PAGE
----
Should SA Pursue The Two-Pillar Solution In Terms Of Missing Digital Revenues In Lieu Of The Digital Services Tax?

Thesis / Dissertation


Permanent link to this Item
Journal Title
Link to Journal
Journal ISSN
Volume Title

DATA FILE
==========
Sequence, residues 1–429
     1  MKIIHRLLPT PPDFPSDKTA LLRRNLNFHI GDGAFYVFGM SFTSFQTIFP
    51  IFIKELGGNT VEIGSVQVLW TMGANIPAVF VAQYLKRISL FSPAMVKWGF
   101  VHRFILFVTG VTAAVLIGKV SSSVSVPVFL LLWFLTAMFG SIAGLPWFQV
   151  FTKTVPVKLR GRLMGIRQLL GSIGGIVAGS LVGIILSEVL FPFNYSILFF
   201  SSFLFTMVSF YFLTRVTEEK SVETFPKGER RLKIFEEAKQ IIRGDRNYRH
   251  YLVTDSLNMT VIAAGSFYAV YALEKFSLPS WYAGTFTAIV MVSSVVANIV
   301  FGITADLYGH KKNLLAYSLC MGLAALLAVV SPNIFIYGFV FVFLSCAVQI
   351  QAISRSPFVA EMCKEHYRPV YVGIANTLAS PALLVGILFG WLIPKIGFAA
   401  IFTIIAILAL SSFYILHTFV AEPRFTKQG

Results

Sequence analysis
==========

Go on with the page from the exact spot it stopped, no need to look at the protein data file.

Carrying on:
The 1920s compromise to tax source revenues appears obsolete in the 21st century.1 The digitalization of modern economies has resulted in outdated tax laws. Brick-and-mortar type principles are still applied to determine revenue sources, whereas, in the digital age, many businesses have no physical presence that would otherwise allow states to tax profits of large multinational enterprises (MNEs) deemed to operate within their borders. While the world sought a consensus-based approach to deal with the issues, the Organisation for Economic Co-Operation and Development (OECD) introduced an interim solution – a Digital Services Tax (DST). The DST drew criticism from certain countries, as it is believed to target multinational companies unfairly. The OECD finally achieved worldwide consensus with the signing of the Two-Pillar Solution in 2021, which is to become effective in 2023; however, the signatories of the Two-Pillar Solution also committed themselves to abolish DSTs and refrain from developing any similar types of taxes. While most countries have agreed to the Two-Pillar Solution, some countries have not, including African Tax Administration Act (ATAF) member Kenya. Kenya indicated that its DST provides certainty and assures tax revenues whereas the Two-Pillar Solution's outcome remains uncertain, and the tax revenues are unclear. In addition, ATAF raised concern that the 15% global minimum tax rate proposed is too low for developing African countries and suggests such a threshold will continue to allow MNEs to avoid paying tax in African states. This dissertation will evaluate whether or not DST is a better option for SA rather than the Two-Pillar Solution. If not, are there other ways SA could recover missing digital tax revenues? Like Kenya, SA also has to consider the global minimum tax rate.